The Caribbean island nation of Barbados will no longer recognize Queen Elizabeth of Britain, in a step completing its transition away from a British colony and towards a fully independent republic.
On Monday, CNN reported Barbados Governor General Sandra Mason will officially be sworn in as the first president of Barbados. The swearing-in ceremony will, in effect, mark Mason’s replacement of Queen Elizabeth as the head of state for the island.
The move to replace Queen Elizabeth as the head of state will serve to end Barbados’ status as a constitutional monarchy and allow it to fully transition to a republic. Barbados’ transition to a republic began on Nov. 30, 1966, when it became an independent nation.
Queen Elizabeth continued to serve in a head of state role, though she has not had sovereignty over the island since 1966. While not having sovereignty over Barbados, the queen’s interests on the island have been represented through the governor-general’s office. Mason has served as Elizabeth’s representative on the island since January 2018.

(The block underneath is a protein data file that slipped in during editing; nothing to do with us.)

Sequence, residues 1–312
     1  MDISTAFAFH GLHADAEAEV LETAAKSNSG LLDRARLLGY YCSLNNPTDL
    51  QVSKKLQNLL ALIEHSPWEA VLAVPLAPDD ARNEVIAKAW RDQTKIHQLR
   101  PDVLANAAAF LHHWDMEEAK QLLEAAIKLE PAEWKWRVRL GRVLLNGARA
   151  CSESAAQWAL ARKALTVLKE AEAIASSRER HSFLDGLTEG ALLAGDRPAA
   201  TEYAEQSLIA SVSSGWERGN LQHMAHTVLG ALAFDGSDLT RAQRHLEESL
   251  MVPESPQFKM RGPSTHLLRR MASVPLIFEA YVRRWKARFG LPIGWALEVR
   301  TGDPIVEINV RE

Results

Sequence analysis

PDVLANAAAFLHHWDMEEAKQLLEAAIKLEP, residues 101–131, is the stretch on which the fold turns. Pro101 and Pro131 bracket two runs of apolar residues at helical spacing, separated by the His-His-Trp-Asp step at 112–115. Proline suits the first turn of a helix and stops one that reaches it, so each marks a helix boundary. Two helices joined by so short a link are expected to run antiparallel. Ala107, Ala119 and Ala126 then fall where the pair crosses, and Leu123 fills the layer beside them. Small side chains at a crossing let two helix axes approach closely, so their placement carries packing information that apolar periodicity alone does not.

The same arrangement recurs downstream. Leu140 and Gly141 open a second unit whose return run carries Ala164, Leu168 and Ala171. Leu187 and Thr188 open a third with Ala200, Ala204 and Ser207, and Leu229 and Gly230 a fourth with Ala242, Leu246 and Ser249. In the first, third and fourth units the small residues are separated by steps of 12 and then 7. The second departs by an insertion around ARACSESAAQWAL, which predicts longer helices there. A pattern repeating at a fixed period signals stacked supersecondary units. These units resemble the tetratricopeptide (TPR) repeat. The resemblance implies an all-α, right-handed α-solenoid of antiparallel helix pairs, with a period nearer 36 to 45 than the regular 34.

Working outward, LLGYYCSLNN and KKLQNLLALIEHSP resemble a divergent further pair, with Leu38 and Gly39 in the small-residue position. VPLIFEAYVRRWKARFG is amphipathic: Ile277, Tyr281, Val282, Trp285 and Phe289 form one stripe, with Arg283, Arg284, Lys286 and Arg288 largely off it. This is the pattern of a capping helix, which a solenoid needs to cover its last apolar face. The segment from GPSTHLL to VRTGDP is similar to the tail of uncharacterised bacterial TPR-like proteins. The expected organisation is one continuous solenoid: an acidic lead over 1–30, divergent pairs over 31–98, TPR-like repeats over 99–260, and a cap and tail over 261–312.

The plans to officially elect a president and remove Queen Elizabeth as the head of state have been discussed for years, but saw renewed support last year amid growth in the Black Lives Matter movement in the U.S. and calls for post-slavery reparations from the island, whose predominantly Afro-Caribbean population is largely comprised of the descendants of African slaves.
Last year, Barbadian Prime Minister Mia Mottley announced that the island nation would become a fully-independent republic by Tuesday, Nov. 30 — the 55th anniversary of its independence, the Washington Post reported.
In Mottley’s 2020 Throne Speech, delivered by Mason, she said, “The time has come to fully leave our colonial past behind. Barbadians want a Barbadian head of state.”
Mason was selected to become Barbados’ first president following a two-thirds vote by both houses of its parliament. She will be sworn in at a ceremony on Monday night.
Barbados will be the first British commonwealth realm to declare itself an independent republic in nearly three decades.
While many Barbadians support the transition to a republic, some have expressed disagreement with the way Mason was selected through parliament, rather than a national vote.
“The process was so badly managed, the government made a decision on the type of republic that we were going to become, without asking me the voter, me the citizen, what form of republic do you want?” Ronnie Yearwood, a lecturer of law at the UWI Cave Hill campus in Barbados told CNN.
Yearwood said the Barbadian government had been so focused on the end-goal of achieving republic status that it ignored the republican process, a move he described as “backward.”